According to a new ‘State of Software Delivery’ report from enterprise content delivery company Kollective, more than a quarter of enterprise IT departments wait at least a month before installing vital security updates.
Kollective’s report highlights how the network security of UK businesses is failing to meet industry expectations.
These failings are especially common among large organisations – with 45% of those with over 100,000 computer terminals having to wait at least a month before installing vital security updates.
‘Failure to install updates’
This failure to rapidly deploy and install security updates is placing businesses at greater risk of a targeted cyber attack, as hackers look to exploit the vulnerabilities of outdated systems. Kollective’s report also found that 37% of IT managers list ‘a failure to install updates’ as the biggest security threat of 2018.
This makes outdated software a bigger threat than password vulnerabilities (33%), BYOA / BYOD (22%) and unsecured USB sticks (9%).
Kollective blames this failure to install updates on a combination of slow testing procedures and an inability to distribute updates automatically at scale.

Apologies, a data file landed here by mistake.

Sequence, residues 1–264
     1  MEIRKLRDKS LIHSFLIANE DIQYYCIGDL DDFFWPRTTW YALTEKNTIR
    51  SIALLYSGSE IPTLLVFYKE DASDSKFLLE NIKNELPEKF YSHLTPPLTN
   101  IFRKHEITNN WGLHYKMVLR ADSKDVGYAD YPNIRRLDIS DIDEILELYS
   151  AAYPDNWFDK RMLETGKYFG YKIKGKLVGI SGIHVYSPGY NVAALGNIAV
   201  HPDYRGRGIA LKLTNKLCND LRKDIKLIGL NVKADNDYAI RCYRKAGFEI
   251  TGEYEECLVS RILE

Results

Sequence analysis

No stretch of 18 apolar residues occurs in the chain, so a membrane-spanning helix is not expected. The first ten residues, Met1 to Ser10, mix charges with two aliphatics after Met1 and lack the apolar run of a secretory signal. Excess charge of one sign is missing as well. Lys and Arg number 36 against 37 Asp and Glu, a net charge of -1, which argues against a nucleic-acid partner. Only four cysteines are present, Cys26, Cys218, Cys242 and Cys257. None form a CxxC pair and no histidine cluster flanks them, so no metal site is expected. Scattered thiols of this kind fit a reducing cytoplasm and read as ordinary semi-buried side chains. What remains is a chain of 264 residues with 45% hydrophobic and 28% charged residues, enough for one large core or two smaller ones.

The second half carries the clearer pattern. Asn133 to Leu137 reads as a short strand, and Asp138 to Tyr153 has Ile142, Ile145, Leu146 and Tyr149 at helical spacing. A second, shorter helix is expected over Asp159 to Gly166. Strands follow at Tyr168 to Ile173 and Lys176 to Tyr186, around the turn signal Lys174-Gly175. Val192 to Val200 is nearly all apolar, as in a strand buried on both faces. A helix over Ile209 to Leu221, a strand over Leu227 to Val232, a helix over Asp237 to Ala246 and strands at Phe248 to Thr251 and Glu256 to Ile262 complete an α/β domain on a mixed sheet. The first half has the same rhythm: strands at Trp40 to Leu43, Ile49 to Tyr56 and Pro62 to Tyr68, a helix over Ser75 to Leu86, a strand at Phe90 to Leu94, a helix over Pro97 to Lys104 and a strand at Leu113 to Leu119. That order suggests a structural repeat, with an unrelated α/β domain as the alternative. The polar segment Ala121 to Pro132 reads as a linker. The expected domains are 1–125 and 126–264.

Dan Vetras, CEO, Kollective, explains: “Following numerous corporate cyber attacks over the last 12 months, today’s businesses are spending more than ever before on enhancing and improving their security systems. But, this investment is wasted if they aren’t keeping their systems up-to-date.
“While it’s obviously important for IT teams to spend time testing new software and updates before rolling them out, our research has found that many of the delays in software distribution aren’t because of testing, but rather a lack of infrastructure.
“Poorly constructed networks mean that even those companies that have made a significant investment in security software, are still leaving their organisations vulnerable to attack. With a growing number of applications being left out of date, today’s businesses are creating their own backdoors for hackers, botnets and malware to attack.”
The report incorporates research from 260 IT managers, leaders and decision-makers.
Written from press release by Leah Alger